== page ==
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Top Gear – Lessons from the Stig

We originally posted this in early 2016 when the BBC decided to retain the format of popular TV show Top Gear, knowing the 3 iconic presenters Clarkson, Hammond and May were all departing.

Flooding social media timelines, the mostly negative comments on the first episode its-always-the-children-who-suffer-the-stig-top-gearof “new” Top Gear screened on 1 June obviously have begged direct comparison to the old crew’s styles, patter, similar themed inserts and even highlightd the casual jokey delivery of studio links.

It has little to do with the actual quality of the new team to be fair, and was inevitable given the way in which the entire character of the show  was so closely aligned to the individual personalities of the dear-departed.

Its a bitter lesson in brand building, watching such an iconic, popular and influential programme being dramatically dissed on most platforms.

We wouldn’t be surprised to see the programme disappear all together after its inaugural “new” season this year and hope the BCC do what they should have done to begin with – gather their collective talents together to create something, new and entirely devoid of references to the past programme.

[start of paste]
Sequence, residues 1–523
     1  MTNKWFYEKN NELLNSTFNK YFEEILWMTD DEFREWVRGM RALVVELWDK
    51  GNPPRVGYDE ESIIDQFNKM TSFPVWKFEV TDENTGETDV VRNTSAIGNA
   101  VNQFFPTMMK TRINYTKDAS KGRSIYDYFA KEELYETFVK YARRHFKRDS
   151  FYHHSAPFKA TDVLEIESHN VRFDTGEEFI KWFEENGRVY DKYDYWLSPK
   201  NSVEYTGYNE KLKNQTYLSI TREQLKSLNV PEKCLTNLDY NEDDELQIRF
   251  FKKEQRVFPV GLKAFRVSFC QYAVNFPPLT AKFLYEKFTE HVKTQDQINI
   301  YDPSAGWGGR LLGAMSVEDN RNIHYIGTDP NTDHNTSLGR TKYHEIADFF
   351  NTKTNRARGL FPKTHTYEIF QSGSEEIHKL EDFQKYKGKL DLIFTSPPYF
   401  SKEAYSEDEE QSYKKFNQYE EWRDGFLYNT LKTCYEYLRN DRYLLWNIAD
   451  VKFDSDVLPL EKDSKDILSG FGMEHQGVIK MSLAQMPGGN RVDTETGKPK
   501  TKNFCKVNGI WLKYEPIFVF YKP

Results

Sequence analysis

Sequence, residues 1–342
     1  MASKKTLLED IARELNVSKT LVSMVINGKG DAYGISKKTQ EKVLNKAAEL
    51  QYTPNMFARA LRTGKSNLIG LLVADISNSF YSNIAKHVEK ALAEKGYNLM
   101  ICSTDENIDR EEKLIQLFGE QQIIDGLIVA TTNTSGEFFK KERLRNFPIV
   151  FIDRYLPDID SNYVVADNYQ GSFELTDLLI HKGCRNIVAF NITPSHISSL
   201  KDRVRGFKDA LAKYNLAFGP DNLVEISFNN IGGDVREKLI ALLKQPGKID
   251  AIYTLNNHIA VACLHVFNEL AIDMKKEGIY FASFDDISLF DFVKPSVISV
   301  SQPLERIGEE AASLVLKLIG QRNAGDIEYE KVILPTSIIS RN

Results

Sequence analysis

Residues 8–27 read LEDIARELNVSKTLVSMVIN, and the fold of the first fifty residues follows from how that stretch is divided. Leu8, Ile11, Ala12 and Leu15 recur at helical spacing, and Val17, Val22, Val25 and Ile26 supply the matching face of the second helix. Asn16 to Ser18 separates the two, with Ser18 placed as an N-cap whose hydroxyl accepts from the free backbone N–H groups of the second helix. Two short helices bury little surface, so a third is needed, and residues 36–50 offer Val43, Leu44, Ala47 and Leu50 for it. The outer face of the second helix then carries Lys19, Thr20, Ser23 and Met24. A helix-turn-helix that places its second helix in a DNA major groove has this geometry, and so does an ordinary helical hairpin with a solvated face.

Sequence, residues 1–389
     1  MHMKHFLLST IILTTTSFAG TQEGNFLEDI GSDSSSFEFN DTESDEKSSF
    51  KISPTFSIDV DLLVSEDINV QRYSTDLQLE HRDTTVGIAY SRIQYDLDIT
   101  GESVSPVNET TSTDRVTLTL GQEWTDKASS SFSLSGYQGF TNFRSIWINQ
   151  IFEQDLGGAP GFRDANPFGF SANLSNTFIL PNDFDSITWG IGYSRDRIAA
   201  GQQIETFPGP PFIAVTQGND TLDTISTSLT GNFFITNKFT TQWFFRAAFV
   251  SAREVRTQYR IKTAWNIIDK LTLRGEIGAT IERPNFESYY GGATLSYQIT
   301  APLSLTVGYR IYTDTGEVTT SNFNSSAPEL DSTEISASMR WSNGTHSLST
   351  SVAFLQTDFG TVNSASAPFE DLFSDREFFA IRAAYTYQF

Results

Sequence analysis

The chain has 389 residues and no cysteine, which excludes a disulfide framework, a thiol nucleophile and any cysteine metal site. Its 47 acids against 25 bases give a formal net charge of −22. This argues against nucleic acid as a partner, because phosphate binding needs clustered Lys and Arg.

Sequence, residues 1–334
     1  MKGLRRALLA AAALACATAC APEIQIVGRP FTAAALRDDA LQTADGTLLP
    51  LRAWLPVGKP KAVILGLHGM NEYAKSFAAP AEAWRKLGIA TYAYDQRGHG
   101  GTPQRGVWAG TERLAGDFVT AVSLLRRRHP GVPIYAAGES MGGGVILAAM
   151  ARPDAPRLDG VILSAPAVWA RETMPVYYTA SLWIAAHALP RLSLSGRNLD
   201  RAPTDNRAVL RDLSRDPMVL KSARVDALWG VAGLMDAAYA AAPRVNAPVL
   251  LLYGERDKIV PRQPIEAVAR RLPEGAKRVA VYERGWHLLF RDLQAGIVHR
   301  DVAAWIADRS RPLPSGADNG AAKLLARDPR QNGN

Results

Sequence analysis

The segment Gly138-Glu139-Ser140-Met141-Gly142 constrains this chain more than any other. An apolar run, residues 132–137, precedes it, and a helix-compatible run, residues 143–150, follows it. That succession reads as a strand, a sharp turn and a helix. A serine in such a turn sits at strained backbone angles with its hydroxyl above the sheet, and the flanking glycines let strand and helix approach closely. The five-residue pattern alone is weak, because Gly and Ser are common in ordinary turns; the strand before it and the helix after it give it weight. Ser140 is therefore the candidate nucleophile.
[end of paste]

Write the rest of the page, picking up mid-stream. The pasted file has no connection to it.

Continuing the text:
A great pity, and a poorly handled rebirth of a brand that should have been re-invented not ressurected. 

Original Blog Below…

So unless you have been living in the boot of a reasonably priced car, you will pretty much know that the writing is on the test track tyre-wall for the once mighty BBC motoring institution Top Gear.

The edgy, and charismatic Jeremy Clarkson seems to have allowed his legendary ego to get the better of him once too often. and in an altercation around the provision of a hot meal, punched a producer for not doing his job. (The producer WAS Irish, but I’m not sure that alone is reason enough to swing a right hook?)

From the outside, objectively, the BBC are pretty much “damned-if-you-do”, “damned-if-you-dont” in the scenario planning of the future of their biggest selling franchise. At best they have publicly aired their dirty laundry surrounding the real personality of their affable, blokey, everyman presenter who is actually, if reports are to be believed, an ego-manical, celebrity-fuelled tosser. At worst, should they axe the iconic Clarkson, they will no-doubt pretty much succeeded in toppling a mighty franchise and global cash-cow.